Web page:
Friday, October 8, 2010

Interview: Nev Schulman

Posted By on Fri, Oct 8, 2010 at 2:00 AM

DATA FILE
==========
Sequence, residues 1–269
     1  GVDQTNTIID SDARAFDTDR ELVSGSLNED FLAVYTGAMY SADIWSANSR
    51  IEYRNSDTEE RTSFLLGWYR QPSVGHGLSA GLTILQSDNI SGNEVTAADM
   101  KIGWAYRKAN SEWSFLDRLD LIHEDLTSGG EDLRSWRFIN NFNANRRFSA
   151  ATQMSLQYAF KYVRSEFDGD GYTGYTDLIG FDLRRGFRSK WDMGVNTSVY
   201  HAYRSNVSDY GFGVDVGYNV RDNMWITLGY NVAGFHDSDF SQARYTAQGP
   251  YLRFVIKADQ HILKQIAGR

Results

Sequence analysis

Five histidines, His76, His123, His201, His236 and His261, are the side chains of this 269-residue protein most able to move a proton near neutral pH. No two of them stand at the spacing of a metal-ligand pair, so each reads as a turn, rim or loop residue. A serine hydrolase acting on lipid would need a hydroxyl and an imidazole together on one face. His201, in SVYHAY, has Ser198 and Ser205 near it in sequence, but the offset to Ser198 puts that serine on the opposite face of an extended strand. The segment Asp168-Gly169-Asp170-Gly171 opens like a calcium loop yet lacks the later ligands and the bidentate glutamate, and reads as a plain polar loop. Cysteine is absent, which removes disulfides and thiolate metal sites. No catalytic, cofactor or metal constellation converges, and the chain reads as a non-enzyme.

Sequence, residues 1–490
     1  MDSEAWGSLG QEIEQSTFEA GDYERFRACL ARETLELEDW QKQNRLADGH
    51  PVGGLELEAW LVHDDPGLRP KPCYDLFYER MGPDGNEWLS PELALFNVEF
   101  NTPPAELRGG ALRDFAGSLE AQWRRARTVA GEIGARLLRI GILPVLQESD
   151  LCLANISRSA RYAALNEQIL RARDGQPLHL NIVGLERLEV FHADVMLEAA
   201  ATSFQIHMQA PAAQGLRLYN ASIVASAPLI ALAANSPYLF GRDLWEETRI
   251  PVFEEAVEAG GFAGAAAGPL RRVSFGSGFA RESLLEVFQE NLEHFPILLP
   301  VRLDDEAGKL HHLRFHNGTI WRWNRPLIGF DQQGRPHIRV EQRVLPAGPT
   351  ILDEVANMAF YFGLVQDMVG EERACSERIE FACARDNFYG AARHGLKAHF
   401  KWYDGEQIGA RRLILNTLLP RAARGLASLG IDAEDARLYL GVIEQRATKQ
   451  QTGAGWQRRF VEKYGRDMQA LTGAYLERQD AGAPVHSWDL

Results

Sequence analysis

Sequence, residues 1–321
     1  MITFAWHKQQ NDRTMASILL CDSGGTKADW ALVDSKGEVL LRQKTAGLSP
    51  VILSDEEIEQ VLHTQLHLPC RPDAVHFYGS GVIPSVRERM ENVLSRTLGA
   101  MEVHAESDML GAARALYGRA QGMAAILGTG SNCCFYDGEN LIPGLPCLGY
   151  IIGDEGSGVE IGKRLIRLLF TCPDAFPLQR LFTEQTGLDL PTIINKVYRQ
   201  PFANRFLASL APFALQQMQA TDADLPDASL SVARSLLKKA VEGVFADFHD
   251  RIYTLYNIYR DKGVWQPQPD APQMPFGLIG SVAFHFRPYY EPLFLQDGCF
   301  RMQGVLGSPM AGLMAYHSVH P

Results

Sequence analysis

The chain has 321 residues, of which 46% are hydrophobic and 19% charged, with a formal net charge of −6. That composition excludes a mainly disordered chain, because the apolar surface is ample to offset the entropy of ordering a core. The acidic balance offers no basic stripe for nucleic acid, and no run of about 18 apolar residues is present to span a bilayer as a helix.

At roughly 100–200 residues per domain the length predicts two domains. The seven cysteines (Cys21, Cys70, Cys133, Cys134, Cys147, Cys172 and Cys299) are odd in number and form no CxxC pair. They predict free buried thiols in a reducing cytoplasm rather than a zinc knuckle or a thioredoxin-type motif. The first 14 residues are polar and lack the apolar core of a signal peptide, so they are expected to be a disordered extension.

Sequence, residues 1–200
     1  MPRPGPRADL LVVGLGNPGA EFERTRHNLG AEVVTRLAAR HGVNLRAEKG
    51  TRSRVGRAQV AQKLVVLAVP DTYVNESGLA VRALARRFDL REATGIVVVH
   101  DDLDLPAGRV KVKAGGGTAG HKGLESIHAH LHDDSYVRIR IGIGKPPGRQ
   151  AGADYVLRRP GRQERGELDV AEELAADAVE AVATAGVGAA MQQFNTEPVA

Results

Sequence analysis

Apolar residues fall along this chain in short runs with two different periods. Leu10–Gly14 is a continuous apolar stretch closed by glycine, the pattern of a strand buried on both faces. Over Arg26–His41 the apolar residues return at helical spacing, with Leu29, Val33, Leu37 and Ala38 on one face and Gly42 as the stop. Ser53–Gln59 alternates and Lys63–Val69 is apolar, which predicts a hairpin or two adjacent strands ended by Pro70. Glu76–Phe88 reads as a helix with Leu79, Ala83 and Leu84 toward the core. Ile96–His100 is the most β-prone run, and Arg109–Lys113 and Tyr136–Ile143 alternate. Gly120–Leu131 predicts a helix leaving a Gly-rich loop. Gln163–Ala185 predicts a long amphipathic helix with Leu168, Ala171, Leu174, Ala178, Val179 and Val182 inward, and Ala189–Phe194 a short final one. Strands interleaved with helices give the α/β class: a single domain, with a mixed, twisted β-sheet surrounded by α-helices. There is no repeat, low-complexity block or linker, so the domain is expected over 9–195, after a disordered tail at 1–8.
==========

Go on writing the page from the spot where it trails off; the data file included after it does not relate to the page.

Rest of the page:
When New York photographer Nev Schulman met an 8-year-old girl named Abby online in 2007 he didn’t anticipate his life would change forever. Abby was an artist prodigy from rural Michigan. She began sending Nev paintings of the photographs he displayed on his Facebook account. Soon, Nev had not only befriended Abby, but also her entire family. This included her attractive older sister Megan, who Nev began an online relationship with. During this time, Nev’s brother Ariel and their friend Henry Joost picked up a camera to document Nev’s new internet romance. Their idea was to shoot a short documentary about two people meeting online. The focus of the film changes, however, when bizarre things started revealing themselves during Nev and Megan’s long-distance courtship. Catfish is currently playing exclusively in San Antonio at the Santikos Palladium Theater. For showtimes click here. Tell me how you first came to know Abby. I first met her online when she was 8 years old. She contacted me. She asked me if she could paint one of my photographs. The next day I got an email from Abby’s mom Angela thanking me for writing back and also for encouraging her to keep painting. A couple of weeks later I got a painting of one of my photographs in the mail. It was charming and very sweet. It was like I had a super fan in Michigan. A couple months went by and I started learning more about Abby and Angela and the rest of her family, including Abby’s older sister Megan. Not too long after that, I saw Megan on Facebook and saw that she was a very attractive young girl. She was 19 at the time and I was 23. I started to think, “Who knows? Maybe there could be something here between us.” After almost nine months of communication with Megan, chatting with her, emailing her, texting her, we started to get a little suspicious when we found out some things about her were not true.  We decided to get to the bottom of things and go down to Michigan and meet the family. When you get to the point where you start getting suspicious, did it ever enter your mind or your brother’s or Henry’s to just stop communication altogether or was the curiosity too much to ignore? Well, I had really opened up and revealed myself to this family and especially to Megan, who I had really started dating online in a weird way. When I first discovered something that I found out wasn’t completely true I was very upset, really furious. My brother and Henry were watching me have this relationship and there were like, “Don’t you want to know the truth? We’d hate to see you walk away from this and regret not following through or find out what is going on.” They sort of encouraged me and I’m glad they did because we ended up having this really intense experience that changed me. You admit that you were angry when you found out about some lies, so going forward did you use that anger to motivate you to find out the truth? I mean, were you seeking some kind of retribution? We had so many ideas and concepts about what we would find when we got to Michigan and none of them ended up being even remotely close to what we actually found. What we actually found was a really intense human drama. It was a real-life story that was so captivating and so moving and in a way very inspirational. As soon as we saw that it became very clear to us that we needed to facilitate the storytelling for this family and let them share their life with us. It was not anger or anything like that. I was shocked and amazed about what we had come into contact with. Had you ever been in an online or long-distance relationship before this? No, I had never dated anybody online and never had a long-distance relationship. It was definitely unusual for me. I don’t think I’ll ever do it again. So, what was your mindset like going into this type of relationship? I’m guessing having an online relationship is tough. Well, I think we’re always trying to connect with someone and find our soulmate. When you think you find them on the internet, it feels like things are happening faster. We also put our best foot forward on the internet. Our profiles always have our best photographs and information about us that is good. When you’re having a conversation on chat or sending emails you can edit what you say. We’re giving the other person the best version of ourselves, which makes it easier to connect with them. In some ways you feel safer because you’re not as vulnerable and there’s no fear of rejection because you’re doing everything from your home. That’s what I think is wrong with online dating. You don’t have the awkward moments and the other little things that become real elements in a relationship. On that note, did it always feel like you were in a real relationship with Megan or were there some fantasy elements that added to everything you were experiencing with her? It felt very real to me because I was being real. When I was saying things and being honest and open with my feelings you don’t presume the person you are talking to is not doing the same thing. It was very real, but at the same time I think it’s fair to say that unconsciously I was really allowing myself to experience this somewhat fantastic relationship. In many ways, I overlooked what I now see as tell-tale signs that something was a little off. But it was making me feel so good at the time the idea of finding an excuse for it not to be real would have been crazy. You never thought to yourself, “This is just too good to be true?” I did, actually. Along the way there were a lot of pieces of information that made it feel very real. There was so much communication and so many phone calls and other people in my life including my mom who were involved. She was concerned for me because she thought it might be too good to be true, but she was convinced after having conversations with the family. Any concerns were quickly squashed by any number of things that would come up. There are millions of Facebook users. How much do you think this is happening online every day? I know it’s happening because I’m getting dozens of messages every day from people who see this film and write to tell me about their slight variation of this story. We’re human beings and we want to feel loved and be popular. In many ways, Facebook is the perfect place to do that, but in many ways it’s the absolute worse way to do that. Have you always been the brother that is in front of the camera? Was anything off limits as your brother Ariel was making this film? It’s funny because I’ve always been the brother that gets himself into strange and troublesome situations. Since my brother makes films he’s always put the camera on me when he sees me doing something a little foolish. Because we are brothers and because we grew up together there is a trust. There was nothing off limits because that would’ve been untruthful to the experience. There are some things I thought they could’ve edited out because they were a little embarrassing, but by leaving everything in you get a really candid and objective view of everyone’s story. I think that’s what makes it a real-life documentary. Is it frustrating for you when the authenticity of the film is brought into question? Some people are calling it a mockumentary. It is frustrating, but I totally understand it. As a culture we’ve sort of demanded a certain level of entertainment value and a certain level of excitement from real life or reality. It really speaks more to people who have exaggerated and who have lied about making something real. I wish that weren’t the case. I wish you could call something a documentary and it would mean something, but unfortunately it doesn’t anymore. We have to fight uphill against that. But the film is real. Life is that crazy. It really is stranger than fiction.